Château de Brézé (Arnaud Lambert), Crémant de Loire, NV 
With its cool climate and limestone-rich soils, Brézé (a village nestled in the AOC of Saumur) has long been considered one of France's greatest white wine sites. We are bending the rules a bit with this crémant, which has tons of Chenin character but also a bit of Chardonnay blended in. It's a beautiful, easygoing sparkler with fine bubbles and notes of fresh cut apple, piña colada and flint-smoke.

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J. Brix, Cobolorum Pét-Nat, 2019 
Cobolorum (Latin for "goblin") comes from the esteemed Kick On Ranch Vineyard in Santa Barbara, a cool and windy plot that allows grapes to retain freshness and good acidity. This organic Riesling pét-nat is juicy and fresh, and tastes like sun-warmed honeydew melon and peaches. Delicious and balanced, with effusive bubbles. How many wines do you know that come with an instruction manual? Unfined, unfiltered and fermented with indigenous yeasts, with no added SO2.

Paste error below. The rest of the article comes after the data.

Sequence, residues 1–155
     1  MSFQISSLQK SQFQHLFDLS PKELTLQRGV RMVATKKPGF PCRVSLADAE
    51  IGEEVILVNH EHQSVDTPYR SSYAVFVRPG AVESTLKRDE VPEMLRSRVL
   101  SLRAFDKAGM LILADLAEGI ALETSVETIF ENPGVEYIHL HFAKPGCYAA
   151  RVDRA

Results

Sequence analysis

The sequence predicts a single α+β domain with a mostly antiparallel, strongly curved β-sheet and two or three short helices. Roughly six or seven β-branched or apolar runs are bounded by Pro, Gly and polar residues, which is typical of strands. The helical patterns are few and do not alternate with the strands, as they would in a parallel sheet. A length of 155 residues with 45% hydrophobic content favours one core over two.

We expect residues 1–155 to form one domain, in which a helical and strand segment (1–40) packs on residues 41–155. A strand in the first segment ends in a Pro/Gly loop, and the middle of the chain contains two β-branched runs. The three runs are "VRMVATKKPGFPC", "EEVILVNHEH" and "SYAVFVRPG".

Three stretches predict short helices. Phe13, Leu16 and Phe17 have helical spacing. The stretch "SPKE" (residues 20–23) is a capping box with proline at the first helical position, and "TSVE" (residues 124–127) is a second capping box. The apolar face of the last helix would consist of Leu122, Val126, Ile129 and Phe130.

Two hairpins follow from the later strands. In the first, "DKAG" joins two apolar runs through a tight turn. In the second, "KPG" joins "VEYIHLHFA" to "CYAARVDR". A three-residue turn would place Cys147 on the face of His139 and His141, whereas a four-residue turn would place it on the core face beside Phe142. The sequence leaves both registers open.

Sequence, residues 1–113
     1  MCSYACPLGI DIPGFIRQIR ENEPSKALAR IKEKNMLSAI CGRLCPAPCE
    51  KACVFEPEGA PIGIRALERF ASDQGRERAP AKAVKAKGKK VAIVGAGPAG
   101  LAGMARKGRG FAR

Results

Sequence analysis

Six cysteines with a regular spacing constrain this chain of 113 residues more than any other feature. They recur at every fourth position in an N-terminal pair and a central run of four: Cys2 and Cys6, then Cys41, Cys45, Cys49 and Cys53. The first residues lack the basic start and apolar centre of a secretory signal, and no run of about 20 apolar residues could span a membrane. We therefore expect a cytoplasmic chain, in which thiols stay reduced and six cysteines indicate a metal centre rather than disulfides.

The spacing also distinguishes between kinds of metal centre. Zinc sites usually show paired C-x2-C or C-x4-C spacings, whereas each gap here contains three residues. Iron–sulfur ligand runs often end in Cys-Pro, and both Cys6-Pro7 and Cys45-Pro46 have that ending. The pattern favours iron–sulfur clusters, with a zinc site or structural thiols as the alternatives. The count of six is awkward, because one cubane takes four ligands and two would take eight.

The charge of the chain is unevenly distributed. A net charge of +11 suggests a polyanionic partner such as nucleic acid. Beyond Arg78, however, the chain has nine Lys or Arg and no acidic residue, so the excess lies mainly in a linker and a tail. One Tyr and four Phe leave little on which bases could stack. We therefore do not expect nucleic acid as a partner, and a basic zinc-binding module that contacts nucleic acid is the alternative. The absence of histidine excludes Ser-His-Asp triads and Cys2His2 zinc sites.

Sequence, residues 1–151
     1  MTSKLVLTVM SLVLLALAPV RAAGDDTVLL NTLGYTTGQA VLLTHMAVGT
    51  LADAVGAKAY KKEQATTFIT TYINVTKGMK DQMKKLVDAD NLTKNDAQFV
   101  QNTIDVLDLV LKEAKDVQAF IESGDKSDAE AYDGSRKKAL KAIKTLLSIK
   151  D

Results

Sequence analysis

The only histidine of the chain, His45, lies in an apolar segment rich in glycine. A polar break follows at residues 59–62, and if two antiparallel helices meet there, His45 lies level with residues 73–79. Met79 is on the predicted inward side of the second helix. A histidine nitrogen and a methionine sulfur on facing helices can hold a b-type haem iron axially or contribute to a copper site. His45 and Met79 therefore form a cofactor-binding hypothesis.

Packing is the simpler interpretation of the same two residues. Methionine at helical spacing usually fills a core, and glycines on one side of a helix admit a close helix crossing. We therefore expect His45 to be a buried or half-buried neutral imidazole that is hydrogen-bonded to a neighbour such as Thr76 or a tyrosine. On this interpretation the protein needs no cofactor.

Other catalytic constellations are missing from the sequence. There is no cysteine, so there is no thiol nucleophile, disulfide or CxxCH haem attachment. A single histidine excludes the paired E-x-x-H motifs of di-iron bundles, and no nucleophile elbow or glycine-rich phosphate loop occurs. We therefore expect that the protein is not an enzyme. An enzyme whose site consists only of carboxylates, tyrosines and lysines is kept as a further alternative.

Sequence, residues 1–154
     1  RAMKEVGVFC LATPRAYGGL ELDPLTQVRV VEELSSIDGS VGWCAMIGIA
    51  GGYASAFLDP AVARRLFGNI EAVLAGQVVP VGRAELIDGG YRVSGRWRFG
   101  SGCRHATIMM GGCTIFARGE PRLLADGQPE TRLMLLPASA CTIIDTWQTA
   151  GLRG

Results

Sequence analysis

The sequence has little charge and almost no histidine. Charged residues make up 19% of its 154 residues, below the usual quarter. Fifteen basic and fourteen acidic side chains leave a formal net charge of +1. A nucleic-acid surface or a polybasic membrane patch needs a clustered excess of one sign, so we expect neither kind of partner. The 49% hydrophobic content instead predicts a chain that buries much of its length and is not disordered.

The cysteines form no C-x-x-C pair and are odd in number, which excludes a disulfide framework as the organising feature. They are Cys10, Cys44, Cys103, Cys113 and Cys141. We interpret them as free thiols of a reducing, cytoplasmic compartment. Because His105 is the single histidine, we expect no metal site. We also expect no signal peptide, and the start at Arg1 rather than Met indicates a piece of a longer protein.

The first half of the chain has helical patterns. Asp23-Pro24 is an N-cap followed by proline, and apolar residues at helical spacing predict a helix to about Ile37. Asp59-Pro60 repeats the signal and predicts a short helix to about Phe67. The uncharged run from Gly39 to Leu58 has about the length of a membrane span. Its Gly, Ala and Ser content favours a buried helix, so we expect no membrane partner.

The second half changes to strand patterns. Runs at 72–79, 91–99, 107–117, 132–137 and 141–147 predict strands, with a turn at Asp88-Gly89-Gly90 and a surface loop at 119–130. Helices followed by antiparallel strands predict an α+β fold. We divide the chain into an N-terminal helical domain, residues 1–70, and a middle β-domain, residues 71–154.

Domaine de Montbourgeau, Crémant du Jura, NV
Montbourgeau, a century-old estate based in the Jura village of L'Etoile (so named for the prodigious amount of star-shaped fossils in the soils, formed when ancient seas dried up), produces one of our favorite crémants. Welcoming fruit (apple, pear, a hint of lemon zest) combine with chalky, slightly saline minerality for a complex, but easy-drinking bottle of bubbly. A fine beverage to start off the evening but interesting and weighty enough to drink with a meal, start to finish.

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Chëpika, Finger Lakes Catawba Pet-Nat, 2019
Chëpika is a collaboration between Finger Lakes winemaker Nathan Kendall and star NYC sommelier Pascaline Lepeltier, focusing on Catawba and Delaware, two American hybrid grapes; these grapes provide an entirely new sensory experience, with an opulent perfume and a light, fruity style. From a clay-heavy site on the east side of Keuka Lake, this is a bright and crunchy pét-nat, with zippy, cranberry acidity. Bottled without any SO2 (during winemaking or at bottling) and with no dosage.

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Aphros, Vinho Verde Phaunus Petillant Natural Rosé, 2019